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According to the new report, stolen FireEye could close holes exploited by tools

According to the new report, stolen FireEye could close holes exploited by tools

Patch management is emerging as an important strategy for infosec professionals to deal with the potential exploitation of their networks from the recent theft of FireEye's intrusion testing tools.

The so-called Red Team tools used to mimic a cyber attack against customers authorized by FireEye were copied, exploiting vulnerabilities in the Solar Winds Orion Network Management Suite. According to FireEye, the devices range from simple scripts to entire frameworks used for automation that are similar to publicly available technologies such as Cobaltstrike and Metasploit.

In a blog on Tuesday, Qualis researchers said they have identified more than 7.54 million instances of FireEye tools-related sensitive applications across 5.29 million unique assets across their customer base.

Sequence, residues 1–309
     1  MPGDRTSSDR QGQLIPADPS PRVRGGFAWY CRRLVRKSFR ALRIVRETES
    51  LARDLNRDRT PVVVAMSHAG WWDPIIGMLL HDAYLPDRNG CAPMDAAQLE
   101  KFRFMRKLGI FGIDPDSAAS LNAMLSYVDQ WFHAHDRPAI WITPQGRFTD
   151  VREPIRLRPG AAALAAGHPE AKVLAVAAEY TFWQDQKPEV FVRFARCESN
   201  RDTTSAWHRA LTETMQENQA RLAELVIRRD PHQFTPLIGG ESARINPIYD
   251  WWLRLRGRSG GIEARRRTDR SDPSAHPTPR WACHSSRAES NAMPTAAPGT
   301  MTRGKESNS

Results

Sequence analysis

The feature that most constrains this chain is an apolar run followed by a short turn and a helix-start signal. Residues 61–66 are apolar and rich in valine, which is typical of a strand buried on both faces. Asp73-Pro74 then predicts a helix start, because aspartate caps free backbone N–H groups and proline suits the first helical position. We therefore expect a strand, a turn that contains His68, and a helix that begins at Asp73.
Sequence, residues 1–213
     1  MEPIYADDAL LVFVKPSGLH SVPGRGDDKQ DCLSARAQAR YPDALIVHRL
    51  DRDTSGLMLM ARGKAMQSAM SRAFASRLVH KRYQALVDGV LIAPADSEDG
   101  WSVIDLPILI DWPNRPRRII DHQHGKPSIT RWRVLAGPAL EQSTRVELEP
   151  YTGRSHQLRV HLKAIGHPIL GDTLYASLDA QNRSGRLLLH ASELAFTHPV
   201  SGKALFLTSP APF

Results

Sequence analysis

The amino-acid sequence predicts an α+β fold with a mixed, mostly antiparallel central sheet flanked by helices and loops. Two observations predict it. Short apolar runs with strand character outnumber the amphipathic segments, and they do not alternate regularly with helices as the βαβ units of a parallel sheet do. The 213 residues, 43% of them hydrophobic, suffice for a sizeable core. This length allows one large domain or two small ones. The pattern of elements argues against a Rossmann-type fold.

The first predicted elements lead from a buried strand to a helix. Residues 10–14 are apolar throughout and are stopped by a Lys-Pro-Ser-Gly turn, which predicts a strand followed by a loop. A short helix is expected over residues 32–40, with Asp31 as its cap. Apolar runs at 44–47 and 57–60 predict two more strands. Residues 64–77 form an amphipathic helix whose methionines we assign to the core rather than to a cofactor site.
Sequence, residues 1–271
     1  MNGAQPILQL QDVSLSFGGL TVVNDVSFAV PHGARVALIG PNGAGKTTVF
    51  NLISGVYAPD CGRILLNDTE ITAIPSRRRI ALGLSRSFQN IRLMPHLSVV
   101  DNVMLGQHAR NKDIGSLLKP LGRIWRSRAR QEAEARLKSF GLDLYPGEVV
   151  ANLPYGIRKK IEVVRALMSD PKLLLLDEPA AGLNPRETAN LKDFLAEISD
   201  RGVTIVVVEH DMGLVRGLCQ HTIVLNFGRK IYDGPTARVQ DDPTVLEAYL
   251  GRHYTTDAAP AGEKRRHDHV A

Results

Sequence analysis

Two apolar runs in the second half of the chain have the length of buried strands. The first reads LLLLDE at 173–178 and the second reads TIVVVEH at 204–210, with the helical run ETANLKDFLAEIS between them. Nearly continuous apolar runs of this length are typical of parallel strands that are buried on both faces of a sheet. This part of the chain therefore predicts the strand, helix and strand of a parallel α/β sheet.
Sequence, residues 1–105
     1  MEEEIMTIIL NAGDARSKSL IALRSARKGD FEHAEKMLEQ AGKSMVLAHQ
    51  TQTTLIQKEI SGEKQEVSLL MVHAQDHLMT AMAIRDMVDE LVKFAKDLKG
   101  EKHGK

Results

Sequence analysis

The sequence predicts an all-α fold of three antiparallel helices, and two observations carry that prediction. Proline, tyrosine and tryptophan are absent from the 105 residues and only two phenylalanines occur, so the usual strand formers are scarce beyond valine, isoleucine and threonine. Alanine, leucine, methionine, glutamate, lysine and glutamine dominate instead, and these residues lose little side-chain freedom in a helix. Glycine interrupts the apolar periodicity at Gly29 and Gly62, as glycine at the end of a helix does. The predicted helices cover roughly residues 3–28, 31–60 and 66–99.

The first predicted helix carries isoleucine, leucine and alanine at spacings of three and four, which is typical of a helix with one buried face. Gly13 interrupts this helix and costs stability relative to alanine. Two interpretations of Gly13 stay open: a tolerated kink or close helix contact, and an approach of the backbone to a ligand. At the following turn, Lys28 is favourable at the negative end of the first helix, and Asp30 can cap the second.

However, of that 7.54 million, about 99.84 percent are from eight vulnerabilities in Microsoft Windows, Office and Exchange Server. Patches have been available for them for some time. They include a patch for the Windows Diveton vulnerability, which was released on 11 November.

Qualis also determined that there are hundreds of sensitive examples of the SolarWind Orion platform among its customers.

"Based on the broad risk and scale of these risks, it is imperative for organizations to assess the status of these vulnerabilities and the missing patches of all their assets," Qualis said.

FireEye tools can also be used to exploit unused vulnerabilities in products from Pulse Secure, Fortinet, Atlassian, Citrix, Zoho, and Adobe. FireEye has published this list of vulnerabilities in order of critical priority.

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